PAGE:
In fact, was there anything that you ingested in the morning? Were there any routines at all? Or did you keep your preparation as devoid as the performance that followed? That seemed to me the best method of all, at least for me. When, after I left the museum a few hours later, sitting in a café reading a book before me, I remarked my posture in the wooden seat. I straightened up and glanced down at the book and thought how soon I would certainly, without noticing it at first, slouch, and eventually I might be almost slumped over the book. Then I thought of you and how in the same way that a painting stays with a spectator hours, days, years after one has seen it, you were there in my thoughts. At the same time that you were still sitting straight—no, slightly, almost imperceptibly to the right, with a head tilted just a bit like a shaman’s—I was here miles away re-reperforming, imitating, copying, reinterpreting, reassessing, reembodying your plight as an endurance artist. The few minutes that it would take me to, without noticing at first, slouch, let my mind wander, glance around me, sniff, feel restless, want to leave, abandon my work, shift my legs, listen, scratch myself made me realize how much of an artist you were.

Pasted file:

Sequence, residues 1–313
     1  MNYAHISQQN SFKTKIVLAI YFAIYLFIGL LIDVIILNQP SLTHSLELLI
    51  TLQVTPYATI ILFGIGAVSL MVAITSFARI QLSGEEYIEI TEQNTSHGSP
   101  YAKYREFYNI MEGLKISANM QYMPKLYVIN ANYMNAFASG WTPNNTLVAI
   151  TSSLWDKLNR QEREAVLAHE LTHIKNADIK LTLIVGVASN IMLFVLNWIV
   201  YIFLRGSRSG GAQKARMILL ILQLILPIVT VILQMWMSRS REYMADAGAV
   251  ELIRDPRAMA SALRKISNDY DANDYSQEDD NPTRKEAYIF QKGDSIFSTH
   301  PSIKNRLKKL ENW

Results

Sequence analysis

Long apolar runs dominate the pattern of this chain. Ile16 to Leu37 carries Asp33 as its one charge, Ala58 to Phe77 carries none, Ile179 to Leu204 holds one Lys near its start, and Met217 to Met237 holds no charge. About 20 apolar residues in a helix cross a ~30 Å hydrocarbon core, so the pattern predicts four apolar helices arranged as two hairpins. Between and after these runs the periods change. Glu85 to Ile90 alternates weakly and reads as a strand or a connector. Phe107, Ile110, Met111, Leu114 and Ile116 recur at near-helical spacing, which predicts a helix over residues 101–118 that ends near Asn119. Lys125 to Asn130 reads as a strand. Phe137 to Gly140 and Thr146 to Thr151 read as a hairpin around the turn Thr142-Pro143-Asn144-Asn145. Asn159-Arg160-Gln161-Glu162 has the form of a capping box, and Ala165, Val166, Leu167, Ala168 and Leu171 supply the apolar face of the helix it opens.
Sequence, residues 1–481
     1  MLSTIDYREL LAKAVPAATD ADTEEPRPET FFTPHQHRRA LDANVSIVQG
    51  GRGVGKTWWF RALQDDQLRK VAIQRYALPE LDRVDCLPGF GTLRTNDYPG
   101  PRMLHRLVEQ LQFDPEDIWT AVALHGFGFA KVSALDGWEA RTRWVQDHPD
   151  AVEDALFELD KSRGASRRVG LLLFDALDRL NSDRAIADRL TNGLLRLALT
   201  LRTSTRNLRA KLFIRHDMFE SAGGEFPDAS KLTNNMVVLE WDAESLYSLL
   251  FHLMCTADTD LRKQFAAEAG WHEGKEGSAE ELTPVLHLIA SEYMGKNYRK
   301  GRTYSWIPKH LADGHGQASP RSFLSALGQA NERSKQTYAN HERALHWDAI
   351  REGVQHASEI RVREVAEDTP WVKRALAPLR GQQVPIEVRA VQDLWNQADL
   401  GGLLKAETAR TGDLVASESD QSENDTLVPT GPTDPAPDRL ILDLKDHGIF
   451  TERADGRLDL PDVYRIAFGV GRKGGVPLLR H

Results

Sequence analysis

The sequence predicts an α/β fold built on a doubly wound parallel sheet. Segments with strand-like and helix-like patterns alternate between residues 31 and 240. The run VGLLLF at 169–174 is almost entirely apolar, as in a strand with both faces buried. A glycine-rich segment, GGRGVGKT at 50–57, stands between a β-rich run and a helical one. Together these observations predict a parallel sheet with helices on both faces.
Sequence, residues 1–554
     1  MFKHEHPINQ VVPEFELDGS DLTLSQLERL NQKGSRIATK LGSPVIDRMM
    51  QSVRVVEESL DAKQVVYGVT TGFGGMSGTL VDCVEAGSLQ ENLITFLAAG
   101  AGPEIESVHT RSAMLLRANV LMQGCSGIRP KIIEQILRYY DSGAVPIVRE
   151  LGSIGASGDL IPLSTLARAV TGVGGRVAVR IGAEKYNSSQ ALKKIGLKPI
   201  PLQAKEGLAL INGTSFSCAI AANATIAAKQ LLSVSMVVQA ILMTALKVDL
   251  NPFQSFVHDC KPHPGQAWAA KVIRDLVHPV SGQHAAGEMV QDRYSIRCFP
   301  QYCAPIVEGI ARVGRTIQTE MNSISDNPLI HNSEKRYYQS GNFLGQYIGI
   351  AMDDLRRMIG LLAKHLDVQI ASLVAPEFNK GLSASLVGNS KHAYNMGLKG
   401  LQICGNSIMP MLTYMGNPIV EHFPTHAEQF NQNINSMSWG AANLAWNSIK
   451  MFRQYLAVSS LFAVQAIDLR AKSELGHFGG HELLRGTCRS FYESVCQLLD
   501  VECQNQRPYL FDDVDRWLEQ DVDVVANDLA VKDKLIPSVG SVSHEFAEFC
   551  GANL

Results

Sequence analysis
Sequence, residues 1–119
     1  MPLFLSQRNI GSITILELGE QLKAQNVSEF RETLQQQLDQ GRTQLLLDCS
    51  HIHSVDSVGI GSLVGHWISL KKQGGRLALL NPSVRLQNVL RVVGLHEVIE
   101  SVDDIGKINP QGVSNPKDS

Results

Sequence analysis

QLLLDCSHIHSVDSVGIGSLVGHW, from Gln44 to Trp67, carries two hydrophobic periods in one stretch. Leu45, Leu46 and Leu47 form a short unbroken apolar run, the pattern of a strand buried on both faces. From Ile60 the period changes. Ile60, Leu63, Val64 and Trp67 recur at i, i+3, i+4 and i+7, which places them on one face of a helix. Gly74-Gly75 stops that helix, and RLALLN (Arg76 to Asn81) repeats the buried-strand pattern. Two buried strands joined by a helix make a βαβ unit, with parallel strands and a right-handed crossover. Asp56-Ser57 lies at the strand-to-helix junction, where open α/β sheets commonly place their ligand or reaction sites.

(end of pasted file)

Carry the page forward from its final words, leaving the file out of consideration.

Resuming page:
And in this I perceived my, dare I say, “contempt” for the others that sat across from you, because, respectful though they were, none were going through what you were going through. Of course, I understood and appreciated the boundaries that had been broken down by allowing the audience to participate in the art work, but still I felt, as a jealous ex-lover might, that none were worthy of your gaze, of sharing the act with you. Here was a piece that seemed to cast aside so mockingly any presumptuous spectator’s claim who dared say about a modern work of art, “I could do that!” Perhaps by seeking to breakdown the delineations between artist and viewer, you have done the reverse (or did you do this on purpose?). Art is viewed in passing, on the way to work, in newspapers and magazines, on the walls of peoples’ homes, in museums, and there is an idea of spectator and art, but here you were displaying it in a full, vibrant light: in one chair is the artist, who has been sitting there for hours without budging, and in the other chair is the spectator, who is welcome to share the act with the artist, but only for so long, as long as his or her body can withstand. Certainly, it won’t be as long as the artist, has not been yet, and will not be, for in the end she is the artist and you are merely spectator!